For Chinese Athletes, Western-Style Perks
Sponsorships, Bonuses Showcase Shift to Capitalism in Sports
Monday, April 28, 2008
BEIJING -- As China embraces capitalism, its athletic teams are cashing in.
The national men's field hockey squad, for one, has been eager to collect. Twenty years ago, before the rise of China's market economy, the team didn't stand to win prize money or sponsorships. Competitions were for the glory of the country, not the kind of fame lavished on athletes in the West.
Today, with the Olympic Games in Beijing less than four months away, the team is sponsored by Nike. It has an expert coach from South Korea, expensive protective equipment made by a U.S. firm and access to a professional psychologist through the state sports administration.
"Commercialization of sports is unavoidable," said Zhu Zhenhui, a former provincial league soccer player and now a doctor for the field hockey team.
Attitudes about sports in China have undergone a dramatic shift from the days when the government focused on collective gain rather than individual accomplishment. Those changes have helped foster the development of a new kind of athlete, one whose sacrifices result in fame and fortune -- and, if the athlete has a distinct personality, national celebrity.
Corporate sponsors, enticed by the huge market potential in a country of 1.3 billion people, have been quick to see opportunity.
The shift spans the panorama of Chinese sport. Tennis players who once barely eked out a living can now earn as much as $100,000 a year. Even the lowliest college team is part of a tiered economic system of sponsorships, incentives and bonuses. In Beijing, the University of Aeronautics and Astronautics track team is sponsored by a tire company. One distance runner said he stands to receive a bonus of more than $14,000 if he wins at the national level.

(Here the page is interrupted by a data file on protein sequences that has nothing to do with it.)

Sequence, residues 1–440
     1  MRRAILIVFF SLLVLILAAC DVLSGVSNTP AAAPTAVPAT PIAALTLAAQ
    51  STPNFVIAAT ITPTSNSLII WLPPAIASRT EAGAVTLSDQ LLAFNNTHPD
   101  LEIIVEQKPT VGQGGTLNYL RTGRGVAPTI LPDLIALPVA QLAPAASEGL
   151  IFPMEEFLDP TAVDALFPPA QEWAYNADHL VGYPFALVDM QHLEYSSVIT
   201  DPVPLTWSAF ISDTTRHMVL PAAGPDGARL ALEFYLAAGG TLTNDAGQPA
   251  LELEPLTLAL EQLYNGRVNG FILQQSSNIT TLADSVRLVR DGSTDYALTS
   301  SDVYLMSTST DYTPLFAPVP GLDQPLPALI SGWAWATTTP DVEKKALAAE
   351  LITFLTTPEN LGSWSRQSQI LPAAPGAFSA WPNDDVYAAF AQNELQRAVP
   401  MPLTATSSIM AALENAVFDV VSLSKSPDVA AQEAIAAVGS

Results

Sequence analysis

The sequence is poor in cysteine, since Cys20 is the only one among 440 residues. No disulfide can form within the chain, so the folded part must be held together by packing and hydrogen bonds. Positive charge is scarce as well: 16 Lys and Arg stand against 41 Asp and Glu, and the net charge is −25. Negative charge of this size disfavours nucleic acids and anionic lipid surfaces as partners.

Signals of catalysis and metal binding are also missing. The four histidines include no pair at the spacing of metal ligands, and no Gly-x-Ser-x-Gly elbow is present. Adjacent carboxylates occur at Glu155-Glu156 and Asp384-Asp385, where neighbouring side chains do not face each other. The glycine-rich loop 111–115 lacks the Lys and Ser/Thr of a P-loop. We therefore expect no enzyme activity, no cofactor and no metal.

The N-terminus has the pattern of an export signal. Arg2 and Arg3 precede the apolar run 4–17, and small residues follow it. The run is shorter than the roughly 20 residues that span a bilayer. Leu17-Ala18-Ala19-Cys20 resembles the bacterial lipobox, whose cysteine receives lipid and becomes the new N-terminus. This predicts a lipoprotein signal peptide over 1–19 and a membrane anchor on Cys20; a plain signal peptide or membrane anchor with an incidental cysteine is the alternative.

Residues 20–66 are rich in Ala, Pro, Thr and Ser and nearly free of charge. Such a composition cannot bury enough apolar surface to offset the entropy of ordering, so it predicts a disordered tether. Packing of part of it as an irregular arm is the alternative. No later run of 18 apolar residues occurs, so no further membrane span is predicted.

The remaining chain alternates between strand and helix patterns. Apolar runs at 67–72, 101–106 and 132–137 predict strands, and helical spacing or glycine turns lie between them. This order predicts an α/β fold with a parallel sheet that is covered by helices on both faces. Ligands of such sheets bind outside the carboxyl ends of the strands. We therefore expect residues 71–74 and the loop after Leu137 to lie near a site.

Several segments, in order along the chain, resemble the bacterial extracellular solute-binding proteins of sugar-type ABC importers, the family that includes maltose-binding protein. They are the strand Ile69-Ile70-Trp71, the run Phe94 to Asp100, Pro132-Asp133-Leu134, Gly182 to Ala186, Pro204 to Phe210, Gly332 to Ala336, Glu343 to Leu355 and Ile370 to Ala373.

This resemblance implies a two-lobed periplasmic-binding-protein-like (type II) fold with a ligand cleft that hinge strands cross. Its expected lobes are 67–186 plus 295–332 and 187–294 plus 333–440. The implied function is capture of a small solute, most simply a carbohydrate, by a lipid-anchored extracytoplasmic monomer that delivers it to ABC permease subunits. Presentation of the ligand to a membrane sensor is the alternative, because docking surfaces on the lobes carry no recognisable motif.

Such amounts might seem paltry by U.S. standards -- American swimmer Michael Phelps will receive $1 million from Speedo if he wins seven gold medals this summer -- but they're not trivial here.
"It's good for athletes to become stars. Society progresses," said Sun Jinfang, a well-known volleyball player in the 1980s who heads the National Tennis Administrative Center. "In my time, people called for you to sacrifice unselfishly. It's impossible to have the same idea nowadays."
The shift to individual achievement -- and acclaim -- has also had a downside, particularly in a country hypersensitive about its image. Some athletes are being seen as downright spoiled.
Guo Jingjing, a star diver who will compete at the Games in August, promotes sportswear, snack food and soft drinks, and is sponsored by McDonald's and Budweiser. She's hounded by the Chinese entertainment media wherever she goes.
This year, Guo broke the tedium of a news conference by ignoring reporters and working on a handicraft project, tying Chinese knots out of silken cord. She referred to a competitor as a "fat Canadian." Her perceived rudeness triggered an Internet fury among sports fans and journalists.